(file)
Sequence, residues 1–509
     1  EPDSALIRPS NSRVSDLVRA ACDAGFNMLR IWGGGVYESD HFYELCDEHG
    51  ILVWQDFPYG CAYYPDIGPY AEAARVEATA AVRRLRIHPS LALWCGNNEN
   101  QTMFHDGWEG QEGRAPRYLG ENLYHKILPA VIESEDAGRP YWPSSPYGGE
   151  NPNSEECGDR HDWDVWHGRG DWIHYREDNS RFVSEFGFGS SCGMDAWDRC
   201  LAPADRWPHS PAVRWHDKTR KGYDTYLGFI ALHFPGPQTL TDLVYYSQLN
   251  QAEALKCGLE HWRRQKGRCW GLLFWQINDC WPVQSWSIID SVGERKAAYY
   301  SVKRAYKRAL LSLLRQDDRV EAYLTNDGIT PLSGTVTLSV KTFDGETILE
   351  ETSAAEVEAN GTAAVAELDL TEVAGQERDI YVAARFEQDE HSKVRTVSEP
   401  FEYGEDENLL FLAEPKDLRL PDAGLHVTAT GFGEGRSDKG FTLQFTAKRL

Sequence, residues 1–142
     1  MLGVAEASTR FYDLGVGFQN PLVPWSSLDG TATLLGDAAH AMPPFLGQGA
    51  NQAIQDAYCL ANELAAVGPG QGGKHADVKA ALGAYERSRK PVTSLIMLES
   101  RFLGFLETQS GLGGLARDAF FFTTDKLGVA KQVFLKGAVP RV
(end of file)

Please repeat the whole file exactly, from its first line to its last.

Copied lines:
Sequence, residues 1–509
     1  EPDSALIRPS NSRVSDLVRA ACDAGFNMLR IWGGGVYESD HFYELCDEHG
    51  ILVWQDFPYG CAYYPDIGPY AEAARVEATA AVRRLRIHPS LALWCGNNEN
   101  QTMFHDGWEG QEGRAPRYLG ENLYHKILPA VIESEDAGRP YWPSSPYGGE
   151  NPNSEECGDR HDWDVWHGRG DWIHYREDNS RFVSEFGFGS SCGMDAWDRC
   201  LAPADRWPHS PAVRWHDKTR KGYDTYLGFI ALHFPGPQTL TDLVYYSQLN
   251  QAEALKCGLE HWRRQKGRCW GLLFWQINDC WPVQSWSIID SVGERKAAYY
   301  SVKRAYKRAL LSLLRQDDRV EAYLTNDGIT PLSGTVTLSV KTFDGETILE
   351  ETSAAEVEAN GTAAVAELDL TEVAGQERDI YVAARFEQDE HSKVRTVSEP
   401  FEYGEDENLL FLAEPKDLRL PDAGLHVTAT GFGEGRSDKG FTLQFTAKRL

Sequence, residues 1–142
     1  MLGVAEASTR FYDLGVGFQN PLVPWSSLDG TATLLGDAAH AMPPFLGQGA
    51  NQAIQDAYCL ANELAAVGPG QGGKHADVKA ALGAYERSRK PVTSLIMLES
   101  RFLGFLETQS GLGGLARDAF FFTTDKLGVA KQVFLKGAVP RV